On the right track

IF the success of an anti-bullying program is measured by student engagement, the Creating A Safe Supportive Environment program in its demonstration phase at St Gabriel’s Primary School in Traralgon seems to be right on track.

When The Express met with some of St Gabriel’s senior students, who form part of the CASSE program’s student team, feedback on what impact the unique program was having in the schoolyard and classroom was overwhelmingly positive.

CASSE aims to invoke empathy in students via a psychoanalytical approach, developed by United States author and psychiatry professor Stuart Twemlow, having them “mentalise” bullying issues by helping individuals “manage intense feelings such as anger or fear, to think about their experience and to identify what they feel”.

Trained CASSE school facilitator and St Gabriel’s teacher Camillo Redi, said the school’s own model relied on a student team of 20, which met weekly, to help engage other students with key concepts of power dynamics, namely the bully (or ‘victimiser’), victim and bystander, with a particular emphasis on the latter.

The CASSE manual, a reference tool for the school, explained the role of the bystander as one which “provides fuel for bullying” and says when bystanders start to feel ashasmed of their role, the school climate is “ready for anti-bullying messages”.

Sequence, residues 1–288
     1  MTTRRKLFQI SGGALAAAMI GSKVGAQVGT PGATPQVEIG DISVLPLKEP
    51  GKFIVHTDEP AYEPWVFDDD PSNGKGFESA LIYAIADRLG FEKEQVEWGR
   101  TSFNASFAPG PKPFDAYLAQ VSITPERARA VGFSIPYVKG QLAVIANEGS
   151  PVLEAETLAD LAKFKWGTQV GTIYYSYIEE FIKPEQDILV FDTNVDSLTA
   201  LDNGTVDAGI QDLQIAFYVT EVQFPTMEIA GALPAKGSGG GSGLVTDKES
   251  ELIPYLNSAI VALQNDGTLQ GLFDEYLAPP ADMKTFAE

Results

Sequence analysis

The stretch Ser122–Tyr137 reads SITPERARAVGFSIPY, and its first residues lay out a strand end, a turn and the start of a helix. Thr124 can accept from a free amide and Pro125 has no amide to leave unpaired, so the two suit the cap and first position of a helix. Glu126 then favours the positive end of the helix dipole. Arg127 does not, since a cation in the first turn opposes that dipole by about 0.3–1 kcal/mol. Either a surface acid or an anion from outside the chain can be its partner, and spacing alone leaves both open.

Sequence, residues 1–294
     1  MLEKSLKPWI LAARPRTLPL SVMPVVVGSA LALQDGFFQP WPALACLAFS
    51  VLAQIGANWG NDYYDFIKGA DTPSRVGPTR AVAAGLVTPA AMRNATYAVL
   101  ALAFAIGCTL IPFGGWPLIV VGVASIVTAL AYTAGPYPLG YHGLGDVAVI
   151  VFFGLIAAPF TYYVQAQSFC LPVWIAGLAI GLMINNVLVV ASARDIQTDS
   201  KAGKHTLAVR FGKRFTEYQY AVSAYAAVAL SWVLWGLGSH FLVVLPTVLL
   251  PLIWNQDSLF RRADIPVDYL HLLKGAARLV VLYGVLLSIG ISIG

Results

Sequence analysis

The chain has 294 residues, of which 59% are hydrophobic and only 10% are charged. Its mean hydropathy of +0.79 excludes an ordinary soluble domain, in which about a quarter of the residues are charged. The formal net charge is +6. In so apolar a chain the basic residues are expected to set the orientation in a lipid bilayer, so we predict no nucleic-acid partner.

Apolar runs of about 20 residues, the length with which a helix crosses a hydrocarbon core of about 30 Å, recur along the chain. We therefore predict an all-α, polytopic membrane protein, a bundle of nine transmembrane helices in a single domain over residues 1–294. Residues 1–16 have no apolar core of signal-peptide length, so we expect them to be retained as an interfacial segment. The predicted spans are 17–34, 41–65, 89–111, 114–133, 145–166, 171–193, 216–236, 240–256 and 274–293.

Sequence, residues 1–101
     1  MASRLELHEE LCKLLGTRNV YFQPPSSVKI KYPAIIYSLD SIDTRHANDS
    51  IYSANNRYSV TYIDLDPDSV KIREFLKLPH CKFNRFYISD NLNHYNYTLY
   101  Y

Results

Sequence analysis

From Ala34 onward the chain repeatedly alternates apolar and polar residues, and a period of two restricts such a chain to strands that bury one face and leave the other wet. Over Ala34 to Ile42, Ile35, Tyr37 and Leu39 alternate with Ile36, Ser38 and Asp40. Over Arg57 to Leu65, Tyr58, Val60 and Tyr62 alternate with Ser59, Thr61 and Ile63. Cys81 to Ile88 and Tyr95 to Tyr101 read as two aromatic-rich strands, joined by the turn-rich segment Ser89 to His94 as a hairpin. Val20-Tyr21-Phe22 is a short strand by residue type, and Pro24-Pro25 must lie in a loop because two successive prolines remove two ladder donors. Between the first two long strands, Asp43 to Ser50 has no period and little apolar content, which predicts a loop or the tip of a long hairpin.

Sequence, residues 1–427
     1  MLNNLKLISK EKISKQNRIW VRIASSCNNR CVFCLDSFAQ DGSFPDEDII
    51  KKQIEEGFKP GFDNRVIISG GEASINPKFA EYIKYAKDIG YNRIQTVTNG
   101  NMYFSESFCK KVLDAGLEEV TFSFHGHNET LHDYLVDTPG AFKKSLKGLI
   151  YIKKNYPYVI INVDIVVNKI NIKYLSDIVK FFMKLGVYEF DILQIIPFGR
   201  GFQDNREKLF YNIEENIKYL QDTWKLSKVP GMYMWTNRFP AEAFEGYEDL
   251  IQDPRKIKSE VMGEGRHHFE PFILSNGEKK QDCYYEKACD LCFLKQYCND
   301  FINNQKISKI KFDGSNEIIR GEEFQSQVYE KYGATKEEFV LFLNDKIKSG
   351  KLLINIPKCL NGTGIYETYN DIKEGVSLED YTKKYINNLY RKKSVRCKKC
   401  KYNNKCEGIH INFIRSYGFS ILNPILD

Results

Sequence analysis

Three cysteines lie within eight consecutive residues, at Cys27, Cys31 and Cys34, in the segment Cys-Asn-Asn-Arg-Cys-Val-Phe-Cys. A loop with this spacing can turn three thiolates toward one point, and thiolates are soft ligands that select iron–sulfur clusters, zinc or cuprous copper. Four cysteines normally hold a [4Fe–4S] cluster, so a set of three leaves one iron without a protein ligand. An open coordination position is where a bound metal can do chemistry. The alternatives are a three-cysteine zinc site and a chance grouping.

The language is familiar to St Gabirel’s students now, with members of the student team saying they were proud to be “upstanders” when the situation called for it, “standing up for someone” who was being targeted in the yard.

School captain Cohen said “if we see a problem or a chance to stand up for someone we go in now, and we get the word out… the difference is more people are enjoying themselves now.”

“It makes a difference in the playground,” student Caleb agreed, while Ava said “when we have a classroom meeting we get to talk it more”.

The school issues CASSE Upstander Awards based on behaviours noted by teachers.

“It all teaches us it is okay to stand up and say what you believe in,” Caleb said.

“This has been teaching us what bullying is and why we should stop it and that’s because people get hurt and that’s not a nice place to be,” Jasmine said.

Student feedback indicated efforts to encourage reflection and an ability to “put yourself in someone else’s shoes” and “think beyond the moment” were working, Mr Redi said.

Having established school “buy in” to the model, meaning all staff were “on board”, positive messages were also introduced to classrooms, often during class meetings, he added.

“The good thing about CASSE is that it’s not a week to week program, not a hypothetical from a book… it deals with real issues kids face and then we unpack those issues and the kids learn that the ‘roles’ can change at any point”.

Evidence of the CASSE approach are on display in classrooms throughout the school and in May St Gabriel’s hopes to step up its campaign by also hosting a CASSE Student Day for other demonstration schools throughout Victoria.

CASSE research estimates about half of all students have experienced some form of bullying and, in Australia, one child in six had reported being bullied on a weekly basis.

It also found children who were bullied were “more likely than their peers to experience depression, loneliness, anxiety, low self-esteem, feel unwell, have more migraine headaches and think about suicide”.